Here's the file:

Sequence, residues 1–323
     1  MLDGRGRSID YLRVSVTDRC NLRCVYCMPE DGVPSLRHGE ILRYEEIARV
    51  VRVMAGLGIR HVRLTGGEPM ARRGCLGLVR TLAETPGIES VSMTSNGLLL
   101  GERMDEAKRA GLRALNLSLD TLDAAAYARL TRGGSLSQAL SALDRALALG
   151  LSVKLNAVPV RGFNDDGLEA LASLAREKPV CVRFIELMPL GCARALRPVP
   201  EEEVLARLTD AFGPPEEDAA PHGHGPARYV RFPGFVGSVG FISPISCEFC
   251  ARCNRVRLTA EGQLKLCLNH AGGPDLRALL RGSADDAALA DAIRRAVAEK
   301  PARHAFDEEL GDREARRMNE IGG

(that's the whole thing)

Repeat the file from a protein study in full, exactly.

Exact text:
Sequence, residues 1–323
     1  MLDGRGRSID YLRVSVTDRC NLRCVYCMPE DGVPSLRHGE ILRYEEIARV
    51  VRVMAGLGIR HVRLTGGEPM ARRGCLGLVR TLAETPGIES VSMTSNGLLL
   101  GERMDEAKRA GLRALNLSLD TLDAAAYARL TRGGSLSQAL SALDRALALG
   151  LSVKLNAVPV RGFNDDGLEA LASLAREKPV CVRFIELMPL GCARALRPVP
   201  EEEVLARLTD AFGPPEEDAA PHGHGPARYV RFPGFVGSVG FISPISCEFC
   251  ARCNRVRLTA EGQLKLCLNH AGGPDLRALL RGSADDAALA DAIRRAVAEK
   301  PARHAFDEEL GDREARRMNE IGG